In general, when Canadians vote they expect that whichever party wins the most seats will become the government and that their leader will be the new Prime Minister. However, Canada's coalition government rule could change that. Under this rule, Justin Trudeau could still be the prime minister even if he loses the election by forming a coalition government.
Unlike other countries, in Canada we don't actually elect our Prime Minister, we just elect our government. That means that we vote for MPs who are members of a specific party. Whichever party has the most MPs or seats out of the 338 available wins the election. The leader of that party then becomes the Prime Minister and is appointed to the role by the Governor General.
However, if the party wins but holds less than half of the 338 seats, they only have a minority government. In this case, the parties that come in second and third could form a coalition, by joining all their MPs together and they could form the government. If that coalition were to involve the Liberal Party, Justin Trudeau could remain the Prime Minister.
That's because on election night, even if the Liberals don't get the majority of the seats, Trudeau doesn't have to concede government. CBC reports that "the incumbent prime minister remains prime minister until he or she formally resigns or is dismissed by the Governor General."
In the case of a Conservative minority government, if the majority of the MPs in the house support Justin Trudeau as their leader, he can continue to govern. He would have until mid-January to make it happen.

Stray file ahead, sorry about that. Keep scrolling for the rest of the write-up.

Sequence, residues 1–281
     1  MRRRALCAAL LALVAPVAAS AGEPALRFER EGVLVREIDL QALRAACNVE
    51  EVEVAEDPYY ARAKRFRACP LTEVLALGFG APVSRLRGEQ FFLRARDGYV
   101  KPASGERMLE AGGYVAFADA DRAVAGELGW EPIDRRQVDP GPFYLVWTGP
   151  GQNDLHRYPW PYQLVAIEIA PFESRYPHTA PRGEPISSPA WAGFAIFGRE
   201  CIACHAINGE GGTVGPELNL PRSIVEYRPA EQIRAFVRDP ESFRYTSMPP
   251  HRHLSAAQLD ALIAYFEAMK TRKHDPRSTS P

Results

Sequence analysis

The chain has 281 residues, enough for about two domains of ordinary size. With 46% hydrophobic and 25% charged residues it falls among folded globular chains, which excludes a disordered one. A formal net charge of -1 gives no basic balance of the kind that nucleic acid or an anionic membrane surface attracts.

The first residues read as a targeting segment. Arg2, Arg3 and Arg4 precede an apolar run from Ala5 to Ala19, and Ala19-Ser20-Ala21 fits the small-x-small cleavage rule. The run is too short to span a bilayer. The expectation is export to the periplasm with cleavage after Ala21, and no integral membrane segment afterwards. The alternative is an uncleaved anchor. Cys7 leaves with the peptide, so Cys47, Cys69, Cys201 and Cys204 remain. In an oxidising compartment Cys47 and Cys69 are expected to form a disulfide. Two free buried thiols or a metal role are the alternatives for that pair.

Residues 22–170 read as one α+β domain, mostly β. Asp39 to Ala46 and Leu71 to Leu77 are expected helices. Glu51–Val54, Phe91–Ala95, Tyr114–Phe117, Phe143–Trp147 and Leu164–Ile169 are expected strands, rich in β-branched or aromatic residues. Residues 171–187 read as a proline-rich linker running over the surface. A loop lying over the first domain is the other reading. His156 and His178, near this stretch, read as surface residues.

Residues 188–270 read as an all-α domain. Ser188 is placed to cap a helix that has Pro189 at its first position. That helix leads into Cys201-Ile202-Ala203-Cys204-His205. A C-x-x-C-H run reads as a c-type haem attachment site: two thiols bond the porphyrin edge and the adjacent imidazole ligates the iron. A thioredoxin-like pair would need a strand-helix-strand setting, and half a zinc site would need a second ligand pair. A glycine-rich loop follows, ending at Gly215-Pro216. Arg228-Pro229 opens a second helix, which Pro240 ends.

While it's unclear right now whether that will happen in the election, aggregate polls from CBC, which combine all of Canada's publicly available polling data (including Ipsos, Nanos, Mainstreet, and more) suggest a minority government is likely. In fact, as of October 17, these polls suggested there is a 44% chance the Conservatives will win a minority and also a 44% that the Liberals will win a minority.
That means a coalition government is not off the table, especially as NDP leader Jagmeet Singh has said he is open to this kind of deal before, but not with the Conservatives.
The Conservative Party, however, says they are confident that this kind of coalition will not be formed. In an interview with CTV News, Andrew Scheer said that "we would expect that other parties would respect the fact that whichever party wins the most seats gets to form the government and that they will understand that if Canadians — when Canadians endorse our platform, we will have the right to implement it"
On his Twitter, he told a slightly different story though. In a video shared earlier this week, Scheer said, "I just found out that Justin Trudeau is planning on forming a coalition government with the NDP so he can remain prime minister."
He went on to say that the two parties were "ganging up together" and attacked the coalition saying it's "the coalition you can't afford."
In Canadian history, there has only ever been one federal coalition government, referred to as the Great Coalition of 1864. That coalition eventually led to Confederation.
The second time a coalition almost occurred was more recently, in 2008. After Stephen Harper won the election, the Liberals, NDP, and Bloc Quebecois agreed to form a coalition together; however, it never actually happened.
Whether it could happen again is yet to be seen after Canadians take to the polls on October 21.